Croatian Foreign Minister Marija Pejcinovic-Buric said on Monday at a meeting of EU foreign ministers in Brussels that Croatia was concerned about the status of Croats in Bosnia and Herzegovina and their legal representation in the government.
At Croatia’s request, the foreign ministers of European Union member states discussed the situation in Bosnia after the October 7 general elections, in which the Democratic Front’s (DF) candidate Zeljko Komsic was elected the Bosnian Croat member of the country’s tripartite presidency.
Bosnia is composed of two semi-autonomous entities – one with a Serb ethnic majority, Republika Srpska (RS), and the other shared mostly by Bosniaks and Croats, the Federation (FbiH).
The state-level Presidency is composed of three members, each representing one of the country’s three ethnic majorities. The Serb member is elected from the Republika Srpska, and the Bosniak and Croat members are elected from the Federation.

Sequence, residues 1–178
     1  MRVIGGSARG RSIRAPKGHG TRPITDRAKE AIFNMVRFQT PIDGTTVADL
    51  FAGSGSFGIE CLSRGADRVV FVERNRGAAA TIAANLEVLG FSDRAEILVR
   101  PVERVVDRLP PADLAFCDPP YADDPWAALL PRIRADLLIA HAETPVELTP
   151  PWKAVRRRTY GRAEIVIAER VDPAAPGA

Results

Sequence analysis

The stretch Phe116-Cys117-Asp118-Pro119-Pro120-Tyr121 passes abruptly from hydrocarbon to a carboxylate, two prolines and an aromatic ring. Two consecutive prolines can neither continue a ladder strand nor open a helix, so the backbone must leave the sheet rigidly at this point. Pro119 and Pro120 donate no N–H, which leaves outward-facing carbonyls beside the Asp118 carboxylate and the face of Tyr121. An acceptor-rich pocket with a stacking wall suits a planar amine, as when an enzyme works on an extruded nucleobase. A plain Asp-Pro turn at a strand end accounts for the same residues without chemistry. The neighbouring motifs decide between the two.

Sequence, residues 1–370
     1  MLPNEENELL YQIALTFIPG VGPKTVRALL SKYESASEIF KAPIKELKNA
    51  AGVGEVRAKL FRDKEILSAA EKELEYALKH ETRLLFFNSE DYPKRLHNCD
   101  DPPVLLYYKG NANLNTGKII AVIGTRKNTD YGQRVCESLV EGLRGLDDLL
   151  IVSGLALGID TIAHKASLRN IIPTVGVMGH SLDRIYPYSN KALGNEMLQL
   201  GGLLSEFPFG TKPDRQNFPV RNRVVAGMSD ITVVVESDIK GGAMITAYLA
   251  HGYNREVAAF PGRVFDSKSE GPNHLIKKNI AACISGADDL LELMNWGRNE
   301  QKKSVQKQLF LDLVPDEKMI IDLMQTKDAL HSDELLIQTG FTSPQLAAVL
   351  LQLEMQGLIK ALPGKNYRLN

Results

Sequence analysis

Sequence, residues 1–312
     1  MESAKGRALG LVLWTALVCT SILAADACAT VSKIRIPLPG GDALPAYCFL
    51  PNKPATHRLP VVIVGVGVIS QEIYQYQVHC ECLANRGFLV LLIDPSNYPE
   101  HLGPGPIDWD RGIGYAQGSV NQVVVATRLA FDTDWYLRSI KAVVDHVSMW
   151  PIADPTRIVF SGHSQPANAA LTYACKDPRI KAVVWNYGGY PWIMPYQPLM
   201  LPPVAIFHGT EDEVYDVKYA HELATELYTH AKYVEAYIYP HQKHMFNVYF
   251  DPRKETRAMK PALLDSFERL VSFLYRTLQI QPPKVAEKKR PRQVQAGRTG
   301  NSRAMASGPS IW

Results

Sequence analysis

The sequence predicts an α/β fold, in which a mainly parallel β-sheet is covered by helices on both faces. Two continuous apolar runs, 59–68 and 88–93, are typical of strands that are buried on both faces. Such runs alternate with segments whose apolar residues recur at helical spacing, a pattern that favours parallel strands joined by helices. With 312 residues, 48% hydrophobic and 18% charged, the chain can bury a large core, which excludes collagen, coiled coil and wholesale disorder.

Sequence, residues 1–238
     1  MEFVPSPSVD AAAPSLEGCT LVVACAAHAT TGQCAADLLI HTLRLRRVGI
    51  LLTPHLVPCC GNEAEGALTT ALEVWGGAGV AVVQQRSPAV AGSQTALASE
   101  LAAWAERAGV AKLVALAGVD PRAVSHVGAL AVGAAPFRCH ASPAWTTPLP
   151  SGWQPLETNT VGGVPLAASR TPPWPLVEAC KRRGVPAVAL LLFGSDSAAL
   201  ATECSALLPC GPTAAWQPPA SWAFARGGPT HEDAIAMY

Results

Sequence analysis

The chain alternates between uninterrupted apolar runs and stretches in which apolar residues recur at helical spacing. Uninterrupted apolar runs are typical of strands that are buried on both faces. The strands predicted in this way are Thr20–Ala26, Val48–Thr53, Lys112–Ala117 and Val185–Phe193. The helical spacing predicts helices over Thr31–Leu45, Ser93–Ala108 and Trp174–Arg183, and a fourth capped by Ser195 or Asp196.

In the past few weeks, Croatia has embarked on a diplomatic campaign claiming that Zeljko Komsic was elected as the Croat member of the Bosnia’s Presidency with Bosniak votes.
All the major Croat parties in Bosnia claim that it was Dragan Covic, leader of the nationalist Croat Democratic Union (HDZ BiH), sister-party of the Croatian Democratic Union (HDZ), the ruling party in Croatia, who had won the most Croat votes.
Bosnia’s Constitution never mentions that Presidency members must be elected by members of their own people.
“The conclusion is that everyone agrees that Bosnia’s European journey is very important. More and more member states understand Croatia’s concern about the status of Croats, one of the three constituent peoples. We expect further discussion in the near future,” Pejcinovic-Buric said.
Pejcinovic-Buric said some EU member states were pushing for resolving all the issues in Bosnia at once, through reforms required for EU membership, while others, including Croatia, were in favour a gradual approach.
EU High Representative for Foreign Affairs Federica Mogherini told reporters after the meeting the Foreign Affairs Council would discuss Bosnia again in December.
The ministers sent Bosnia three main messages – to form the government as soon as possible, to focus on the reform agenda which Bosnia’s citizens, especially the young, expect and which is tied to the country’s European prospect, as well as to It’s focus on reforming the election law and on the concern stemming from it, she said.